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Last Updated: Tuesday, 30 December 2003, 09:27 GMT
Is the tax system too complex?
By Chas Roy-Chowdhury
Head of Taxation, Acca

Chas Roy-Chowdhury

Is the tax benefit system too complicated to be of real benefit to people? And is the system becoming much more complex under Gordon Brown? A leading accountant assesses the tax landscape.

There was a time when death and taxes were life's certainties.

Today this may not be quite so clear cut, at least if you are trying to claim tax credits or just trying to comply with today's UK tax system.

Over many years the system has become increasingly complex.

The tax system is rather like a cake: new layers are continuously added.

But there is very little root-and-branch reform.

In recent years it has become more complex for taxpayers, because more of us now deal with the Inland Revenue through tax credits.

The system has the paw prints of a theoretician all over it

In effect, we now have a full blown benefits system being operated by the Inland Revenue and paid where possible through the tax system or directly to an individual's bank account.

The majority of people who are likely to be the recipients of the payments may never have had any previous contact with the Inland Revenue.

The underlying philosophy of tax credits has to be commended.

The idea is that people should be given a hand up not a hand out. One of the key features being that people should be provided with incentives to move in to work and off full time benefits.

The biggest problem with the system is that it is based upon quite a complex level of means testing - the system has the paw prints of a theoretician all over it.

The government says there are now two types of credit - Working Tax Credit and Child Tax Credit.

But in reality there are nine categories of Working Tax Credit and five for Child Tax Credit, because there are many different elements which are needed to work out how much someone receives.

Calculating credit

Because the tax credits system is so finely tuned, this can add its own complexity and burdens for claimants.

For example, this year's credits are worked out using your income from 2001-02 but in reality it is the current year's income which determines your final credits entitlement this year.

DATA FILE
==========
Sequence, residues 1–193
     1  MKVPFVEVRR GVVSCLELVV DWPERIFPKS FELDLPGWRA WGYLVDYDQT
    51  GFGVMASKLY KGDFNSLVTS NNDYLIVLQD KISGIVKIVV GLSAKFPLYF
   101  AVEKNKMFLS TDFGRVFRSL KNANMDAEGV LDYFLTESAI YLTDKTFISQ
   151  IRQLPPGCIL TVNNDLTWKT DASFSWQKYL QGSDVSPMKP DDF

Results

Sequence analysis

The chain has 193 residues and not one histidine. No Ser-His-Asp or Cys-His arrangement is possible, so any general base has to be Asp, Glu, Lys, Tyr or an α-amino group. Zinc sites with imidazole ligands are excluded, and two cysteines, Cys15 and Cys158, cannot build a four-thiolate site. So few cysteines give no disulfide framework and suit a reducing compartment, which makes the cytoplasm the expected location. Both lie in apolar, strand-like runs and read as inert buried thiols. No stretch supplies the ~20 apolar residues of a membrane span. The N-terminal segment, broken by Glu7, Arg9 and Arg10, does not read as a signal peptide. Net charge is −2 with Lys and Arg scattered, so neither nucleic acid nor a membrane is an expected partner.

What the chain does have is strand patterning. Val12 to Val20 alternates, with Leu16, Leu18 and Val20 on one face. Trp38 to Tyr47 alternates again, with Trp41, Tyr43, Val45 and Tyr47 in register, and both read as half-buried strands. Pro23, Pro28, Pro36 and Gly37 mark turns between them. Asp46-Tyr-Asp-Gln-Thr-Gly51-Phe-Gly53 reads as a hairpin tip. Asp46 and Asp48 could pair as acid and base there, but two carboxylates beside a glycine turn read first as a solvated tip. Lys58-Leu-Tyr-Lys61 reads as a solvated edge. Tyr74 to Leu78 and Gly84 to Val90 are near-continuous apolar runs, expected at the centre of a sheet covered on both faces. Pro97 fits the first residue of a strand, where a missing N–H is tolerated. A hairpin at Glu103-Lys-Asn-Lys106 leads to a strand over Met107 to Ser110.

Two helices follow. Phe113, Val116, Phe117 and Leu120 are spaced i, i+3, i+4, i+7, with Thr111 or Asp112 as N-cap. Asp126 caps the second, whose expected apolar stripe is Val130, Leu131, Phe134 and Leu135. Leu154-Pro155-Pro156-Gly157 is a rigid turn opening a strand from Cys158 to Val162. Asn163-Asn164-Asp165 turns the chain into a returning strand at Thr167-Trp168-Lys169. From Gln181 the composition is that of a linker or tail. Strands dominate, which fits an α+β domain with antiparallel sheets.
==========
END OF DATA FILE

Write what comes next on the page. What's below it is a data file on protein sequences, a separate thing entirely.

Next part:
It is this additional quirk which has been causing big problems for recipients of the credits, causing a sudden reduction in their entitlement once the Inland Revenue has the up-to-date figures.

The overall level of tax compliance has become a mountain for most people

If you can work through this maze and get to the right figure for your credits entitlement you should receive a prize.

The government has made bold statements about the highly successful implementation of the new benefits regime, but a recent report by the National Audit Office painted a very different picture.


It is not just tax credits that have made the system for taxpayers more complex.

The overall level of tax compliance has become a mountain for most people.

There now seem to be very few who no longer need to complete at least one tax form.

If you're a higher rate taxpayer you complete a self-assessment tax return and those numbers are being pushed up by tens of thousands by fiscal drag each year, caused by earnings rising faster than tax bands and allowances are increasing.

If you are eligible for tax credits you complete another set of tax forms.

One of the best examples of a complicated new tax calculation are new company car rules.

If you have a company car, then to work out the taxable benefit today you need to know the carbon dioxide (CO2) emission for the exact model, which for recently acquired vehicles will be on the V5 registration document.

Then find the " CO2 band", of which there are twenty-one, which the vehicle falls into and multiply that by the list price.

In the past the benefit was simply available from a scale charge table of three bands depending on engine capacity.

We could consider using just a CO2 based system, as for car fuel benefit, and reduce some of the complexity.

Many politicians find it hard to calculate their own tax liabilities

Stamp Duty is another tax where before 1998 we only had one rate of tax - one percent - now we have three - one, three and four percent.

Not surprisingly, with the increase in the rates and of property prices, the yield from the tax has almost trebled since 1998.

The government is making some effort to help people navigate this increasingly rambling tax system, such as simplifying self assessment forms and providing online tax calculators.

But as previous surveys have shown many politicians find it hard to calculate their own tax liabilities.

Perhaps they should be more mindful that every time they tinker with the tax system that they should have their own litmus test: Could I complete that tax form and work out the tax myself? Then, we may all be better off.

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